In Debian, a lot of people report upstream issues in the bug tracking system and they think it is good and what they have to do. The truth is that in a very few cases, such as security bugs or data loss bugs, this is a good idea. But most of the time it is not useful to report problems to the people who can not solve them. Do not expect Debian/KDE maintainers to forward your problem upstream (a problem which they may well not be able to reproduce), then back to you when upstream ask for more information, then back with the information to upstream... it is time consuming and we have big (wo)manpower problems.
In any case, if you think the bug is very important and should be in the Debian BTS, you can report it in Debian as well as reporting it to KDE. Make sure you mention the KDE bug in the Debian bug.
Third case: your problem is not a bug, just a feature request.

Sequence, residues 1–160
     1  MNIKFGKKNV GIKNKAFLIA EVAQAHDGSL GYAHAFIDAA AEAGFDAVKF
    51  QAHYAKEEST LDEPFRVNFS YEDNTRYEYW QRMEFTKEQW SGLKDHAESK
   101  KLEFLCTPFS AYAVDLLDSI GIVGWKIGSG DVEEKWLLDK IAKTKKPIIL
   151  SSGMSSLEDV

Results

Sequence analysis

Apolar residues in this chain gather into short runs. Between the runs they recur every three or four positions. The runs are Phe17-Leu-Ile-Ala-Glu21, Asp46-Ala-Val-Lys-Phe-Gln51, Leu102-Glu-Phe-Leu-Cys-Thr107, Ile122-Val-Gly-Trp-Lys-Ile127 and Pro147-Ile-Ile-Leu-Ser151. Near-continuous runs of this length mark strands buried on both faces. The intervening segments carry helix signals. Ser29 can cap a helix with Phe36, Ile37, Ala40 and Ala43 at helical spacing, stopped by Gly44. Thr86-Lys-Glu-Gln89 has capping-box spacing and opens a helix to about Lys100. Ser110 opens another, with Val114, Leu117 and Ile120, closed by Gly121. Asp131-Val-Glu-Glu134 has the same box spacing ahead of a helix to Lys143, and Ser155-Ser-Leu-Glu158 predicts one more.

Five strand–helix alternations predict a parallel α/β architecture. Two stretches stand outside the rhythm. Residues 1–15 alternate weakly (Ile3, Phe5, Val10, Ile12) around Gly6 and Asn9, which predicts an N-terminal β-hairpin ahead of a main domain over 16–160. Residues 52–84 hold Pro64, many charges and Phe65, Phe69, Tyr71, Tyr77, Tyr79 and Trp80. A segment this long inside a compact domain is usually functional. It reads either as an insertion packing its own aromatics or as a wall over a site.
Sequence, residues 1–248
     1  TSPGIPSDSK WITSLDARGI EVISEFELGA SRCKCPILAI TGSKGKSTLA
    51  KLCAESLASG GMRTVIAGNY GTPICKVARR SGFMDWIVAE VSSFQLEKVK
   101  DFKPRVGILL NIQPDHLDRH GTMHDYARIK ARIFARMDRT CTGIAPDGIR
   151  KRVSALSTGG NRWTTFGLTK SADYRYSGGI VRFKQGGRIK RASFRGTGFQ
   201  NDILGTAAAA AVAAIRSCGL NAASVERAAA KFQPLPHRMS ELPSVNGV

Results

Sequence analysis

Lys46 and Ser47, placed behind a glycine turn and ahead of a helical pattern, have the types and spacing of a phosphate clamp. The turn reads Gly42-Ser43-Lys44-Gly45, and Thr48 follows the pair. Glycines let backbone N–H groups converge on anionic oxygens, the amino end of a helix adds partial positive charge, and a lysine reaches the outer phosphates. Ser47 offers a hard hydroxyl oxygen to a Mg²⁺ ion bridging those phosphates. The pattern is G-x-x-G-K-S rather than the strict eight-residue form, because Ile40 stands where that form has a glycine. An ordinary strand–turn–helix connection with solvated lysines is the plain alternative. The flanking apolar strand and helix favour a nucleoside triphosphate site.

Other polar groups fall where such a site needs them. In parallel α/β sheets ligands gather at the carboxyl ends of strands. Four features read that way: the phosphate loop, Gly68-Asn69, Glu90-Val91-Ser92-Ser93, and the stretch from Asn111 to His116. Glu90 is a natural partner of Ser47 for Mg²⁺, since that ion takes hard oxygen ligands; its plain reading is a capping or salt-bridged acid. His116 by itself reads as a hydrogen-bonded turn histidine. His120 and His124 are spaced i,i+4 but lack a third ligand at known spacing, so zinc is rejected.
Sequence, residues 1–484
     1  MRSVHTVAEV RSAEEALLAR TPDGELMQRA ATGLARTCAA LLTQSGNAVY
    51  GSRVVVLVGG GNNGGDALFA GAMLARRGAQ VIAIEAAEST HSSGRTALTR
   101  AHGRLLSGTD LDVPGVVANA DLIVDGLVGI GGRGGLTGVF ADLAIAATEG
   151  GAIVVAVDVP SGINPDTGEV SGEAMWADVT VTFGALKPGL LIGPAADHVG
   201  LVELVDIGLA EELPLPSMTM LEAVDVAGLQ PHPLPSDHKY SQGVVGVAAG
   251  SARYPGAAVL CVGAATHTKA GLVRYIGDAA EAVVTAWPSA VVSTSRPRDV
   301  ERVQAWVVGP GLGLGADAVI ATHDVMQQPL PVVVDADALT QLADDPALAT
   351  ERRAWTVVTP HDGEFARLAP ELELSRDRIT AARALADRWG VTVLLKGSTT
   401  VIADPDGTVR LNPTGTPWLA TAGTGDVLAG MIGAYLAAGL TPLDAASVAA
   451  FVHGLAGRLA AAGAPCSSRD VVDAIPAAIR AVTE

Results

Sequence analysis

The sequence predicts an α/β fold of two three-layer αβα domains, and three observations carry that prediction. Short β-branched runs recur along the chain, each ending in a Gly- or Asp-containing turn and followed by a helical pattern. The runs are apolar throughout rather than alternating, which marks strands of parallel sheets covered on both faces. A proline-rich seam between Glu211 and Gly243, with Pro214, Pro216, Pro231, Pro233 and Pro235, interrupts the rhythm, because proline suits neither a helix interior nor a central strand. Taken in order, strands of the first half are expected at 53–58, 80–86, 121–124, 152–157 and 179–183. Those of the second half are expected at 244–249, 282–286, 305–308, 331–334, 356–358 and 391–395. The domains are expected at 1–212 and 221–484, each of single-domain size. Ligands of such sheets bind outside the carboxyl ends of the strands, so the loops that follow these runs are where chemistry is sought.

Until now, I have talked about bugs, when you find something that is clearly not working right in your system. But what about when you want to ask for a new feature in a piece of software?
In very few cases this belongs in a Debian wish list. Most feature requests apply upstream and you should tell the about your idea. If you do not tell them, it is unlikely they will implement it. Still, after reporting, you should accept it if upstream thinks it is not a good idea or it is not interested enough to implement it.
Post updated on the 30th September, thanks to Rupert Swarbrick for grammar fixes.
Olivier Berger said, on 2009-09-27 07:25:33+02:00:
You mention : "In any case, if you think the bug is very important and should be in the Debian BTS, you can report it in Debian besides to report it to KDE and mention in the Debian bug the KDE bug."
Well... if there are two bugs, it would be best then to set a "forwarded" pointer in debbugs so that the Debian bug points to the KDE bug, and bts-link can start notifying Debian interested folks of any upstream status change.